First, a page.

LMC Coroner’s Event: ‘How to prepare for an inquest’ – 8 November 2019
What follows is a report on the event held for GPs on 8 November 2019 by the LMC working with the coroner’s office, a very broad overview of the main areas covered and useful information for GPs and colleagues to be aware of.
There was an introduction to the session from the Deputy Coroner, Dr Elizabeth Didcock and Michael Wright, Chief Executive of Nottinghamshire LMC. Dr Didcock took the audience of 40-50 GPs through a set of slides outlining the role of the coroner.
The intention of Dr Didcock was to ensure that GPs present were made aware of the contents of the new guidance that came into force in October 2019. She stated that there is an expectation that the new guidance will lead to less referrals to the coroner and more decision-making by GPs on whether referrals are necessary.
Stats and information, and some information stood out as interesting to share such as:
- In Nottinghamshire during 2017/18 there were approximately 6,700 referrals to the coroner out of c.12,000 deaths in the year, a referral rate of 56% – there is a low post-mortem rate.
- 96% of coroner referrals come from GPs.
- Aim is always to hold an inquest within six months of the death of a person.
- Generally speaking, referrals within 48 hours of death are acceptable.
Hints and tips:
It was clear from the event that some hints and tips for GPs to bear in mind would be helpful, some are captured below:
- Make referrals electronically, reduces mistakes and provides GPs with an audit trail they may wish to use in the future
- Ask for assistance from your medical defence organisation if called forward by the coroner, also consider if the LMC can also support
- If you are called as a witness but want to understand more around the surroundings of any case, you may email the coroner’s office to become an ‘interested person’ which would then grant you access to the bundle of relevant papers
- You are always welcome to observe an inquest hearing to better understand how it works, particularly useful is requested to attend having not been there before
- Look upon probability, lawyers are used to working in black and white, doctors often work within the grey. If not confident to certify, refer to the coroner
- Referral may be needed if the care leading to a death may be argued as causing the death, even if not for unnatural causes
- No requirement to inform NHS England of being called forward as a witness
- Inform NHS England only if named as an interested party or if explicitly criticised in a coroner’s report in which case you’d be urged to consider self-referring to the GMC (the GMC publish specific guidance about this)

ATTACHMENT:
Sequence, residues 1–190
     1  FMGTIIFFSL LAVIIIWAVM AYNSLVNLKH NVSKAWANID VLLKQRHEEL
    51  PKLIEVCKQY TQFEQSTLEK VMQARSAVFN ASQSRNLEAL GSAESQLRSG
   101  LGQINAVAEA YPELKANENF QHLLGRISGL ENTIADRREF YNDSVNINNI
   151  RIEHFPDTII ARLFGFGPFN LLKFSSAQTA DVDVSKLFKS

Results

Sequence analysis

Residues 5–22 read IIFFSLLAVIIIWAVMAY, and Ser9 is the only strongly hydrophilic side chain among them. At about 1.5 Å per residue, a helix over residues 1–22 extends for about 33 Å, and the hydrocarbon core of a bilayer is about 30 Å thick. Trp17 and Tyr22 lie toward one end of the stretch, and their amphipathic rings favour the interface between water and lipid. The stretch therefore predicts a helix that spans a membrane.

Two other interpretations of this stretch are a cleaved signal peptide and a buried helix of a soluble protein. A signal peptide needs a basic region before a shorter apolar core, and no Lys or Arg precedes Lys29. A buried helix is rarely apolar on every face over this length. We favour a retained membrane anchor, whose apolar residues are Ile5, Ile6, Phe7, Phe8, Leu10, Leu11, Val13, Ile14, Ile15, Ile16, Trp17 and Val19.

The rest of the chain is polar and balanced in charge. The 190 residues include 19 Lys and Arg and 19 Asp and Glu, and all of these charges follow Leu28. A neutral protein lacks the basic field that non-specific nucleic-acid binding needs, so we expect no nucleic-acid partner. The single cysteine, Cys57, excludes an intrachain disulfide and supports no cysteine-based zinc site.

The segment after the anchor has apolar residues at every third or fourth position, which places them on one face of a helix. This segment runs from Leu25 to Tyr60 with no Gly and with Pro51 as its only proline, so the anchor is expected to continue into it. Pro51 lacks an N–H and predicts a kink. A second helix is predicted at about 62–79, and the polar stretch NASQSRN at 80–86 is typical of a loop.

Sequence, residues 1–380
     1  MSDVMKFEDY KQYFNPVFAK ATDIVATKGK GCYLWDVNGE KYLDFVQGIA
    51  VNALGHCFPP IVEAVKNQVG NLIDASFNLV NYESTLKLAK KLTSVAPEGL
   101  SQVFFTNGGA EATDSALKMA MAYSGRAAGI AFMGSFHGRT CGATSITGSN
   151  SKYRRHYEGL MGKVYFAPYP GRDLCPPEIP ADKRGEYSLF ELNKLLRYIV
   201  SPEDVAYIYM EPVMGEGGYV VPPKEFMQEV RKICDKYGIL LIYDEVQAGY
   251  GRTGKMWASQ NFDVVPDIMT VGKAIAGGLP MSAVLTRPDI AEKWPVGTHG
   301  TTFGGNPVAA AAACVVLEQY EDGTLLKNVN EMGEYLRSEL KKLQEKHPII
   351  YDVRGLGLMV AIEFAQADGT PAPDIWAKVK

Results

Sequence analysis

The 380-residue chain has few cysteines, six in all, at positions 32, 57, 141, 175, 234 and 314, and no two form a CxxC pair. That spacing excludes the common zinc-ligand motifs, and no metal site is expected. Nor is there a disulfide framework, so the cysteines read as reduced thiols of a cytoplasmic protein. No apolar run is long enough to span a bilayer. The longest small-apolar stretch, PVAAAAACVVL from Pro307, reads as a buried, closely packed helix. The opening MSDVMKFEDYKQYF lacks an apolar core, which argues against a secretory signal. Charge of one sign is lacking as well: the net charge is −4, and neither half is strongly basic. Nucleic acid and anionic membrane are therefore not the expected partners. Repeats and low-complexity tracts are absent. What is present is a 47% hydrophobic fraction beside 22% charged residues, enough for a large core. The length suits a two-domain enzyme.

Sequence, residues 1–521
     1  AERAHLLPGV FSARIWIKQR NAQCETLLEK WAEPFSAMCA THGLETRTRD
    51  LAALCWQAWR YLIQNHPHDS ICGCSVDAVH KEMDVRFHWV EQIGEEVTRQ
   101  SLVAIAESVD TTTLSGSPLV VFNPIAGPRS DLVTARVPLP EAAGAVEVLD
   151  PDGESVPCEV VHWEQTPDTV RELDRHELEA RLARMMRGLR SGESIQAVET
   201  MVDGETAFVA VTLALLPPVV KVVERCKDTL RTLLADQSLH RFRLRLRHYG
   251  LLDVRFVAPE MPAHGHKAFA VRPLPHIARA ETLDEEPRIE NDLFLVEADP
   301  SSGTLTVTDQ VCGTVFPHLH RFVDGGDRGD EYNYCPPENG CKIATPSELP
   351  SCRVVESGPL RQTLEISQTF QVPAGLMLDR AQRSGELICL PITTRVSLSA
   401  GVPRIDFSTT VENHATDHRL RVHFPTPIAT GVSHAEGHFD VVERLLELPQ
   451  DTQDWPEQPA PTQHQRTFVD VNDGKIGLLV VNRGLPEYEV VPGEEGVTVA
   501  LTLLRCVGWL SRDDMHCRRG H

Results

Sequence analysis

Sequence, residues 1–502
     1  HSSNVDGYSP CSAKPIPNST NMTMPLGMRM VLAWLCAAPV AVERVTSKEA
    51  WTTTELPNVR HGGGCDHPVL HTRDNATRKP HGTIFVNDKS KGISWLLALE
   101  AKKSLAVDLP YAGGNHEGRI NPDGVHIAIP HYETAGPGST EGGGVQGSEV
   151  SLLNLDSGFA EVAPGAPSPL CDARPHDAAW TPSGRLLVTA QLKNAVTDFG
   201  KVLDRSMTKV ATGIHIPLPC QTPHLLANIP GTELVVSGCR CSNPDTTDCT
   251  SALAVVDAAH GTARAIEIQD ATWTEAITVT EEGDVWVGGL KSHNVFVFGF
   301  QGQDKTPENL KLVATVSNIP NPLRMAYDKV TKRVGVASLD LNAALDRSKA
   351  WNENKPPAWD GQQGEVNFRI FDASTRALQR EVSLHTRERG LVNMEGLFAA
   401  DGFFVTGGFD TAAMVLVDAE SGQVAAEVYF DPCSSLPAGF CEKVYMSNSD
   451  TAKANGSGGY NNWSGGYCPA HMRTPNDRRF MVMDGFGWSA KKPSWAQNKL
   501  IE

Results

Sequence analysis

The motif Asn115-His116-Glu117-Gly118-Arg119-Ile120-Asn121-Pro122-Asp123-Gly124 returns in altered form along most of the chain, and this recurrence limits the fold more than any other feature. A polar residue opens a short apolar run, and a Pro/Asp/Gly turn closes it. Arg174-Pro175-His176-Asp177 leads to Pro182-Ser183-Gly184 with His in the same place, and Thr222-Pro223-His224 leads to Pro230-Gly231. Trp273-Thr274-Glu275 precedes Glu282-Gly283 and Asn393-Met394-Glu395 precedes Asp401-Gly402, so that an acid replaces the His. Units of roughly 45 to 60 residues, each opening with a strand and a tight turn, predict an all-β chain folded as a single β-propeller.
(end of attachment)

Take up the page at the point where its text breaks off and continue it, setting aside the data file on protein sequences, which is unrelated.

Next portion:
- Used to always have to refer when a death occurred within 12 months of a surgical procedure, now only necessary where the GP considers that the procedure may have led to the death
This was a helpful event and it enabled GPs to ask questions of the coroner’s office that would better inform them in the future. The general themes to emerge from the evening were that more is expected of GPs to make their own decisions about whether to refer to the coroner now that there is more flexibility allowed. Also, GPs called forward to be witnesses or to as persons with an interest are invited to observe an inquest as a member of the public to help to prepare themselves. Email contact to attend a hearing email@example.com
Forthcoming inquests are listed on their website https://www.nottinghamcity.gov.uk/coroners. Ultimately, the question for all GPs to ask is ‘do you know why this person died?’ Are you able to certify death with confidence?’ If not, referral may well be the best route to take. It is an option for anybody involved in an inquest to obtain copies of transcriptions/recordings from the hearing and in the event of post-inquest queries, GPs are encouraged to contact the coroner’s office directly.
Before leaving, all were taken on a guided tour of the upper reaches of the Council House in Nottingham and were shown the council chamber and committee room where inquests are held and the event was held in the tea room which helped to demystify this element of the coroners inquests. Because of the interactive nature of the session, there was more time spent on the new guidance and answering questions from the floor and it was suggested that a follow up session could be convened to concentrate more on preparing for an inquest. This was touched on regularly during the session hence the hints and tips but there is adequate content to set up a separate session to complement this one.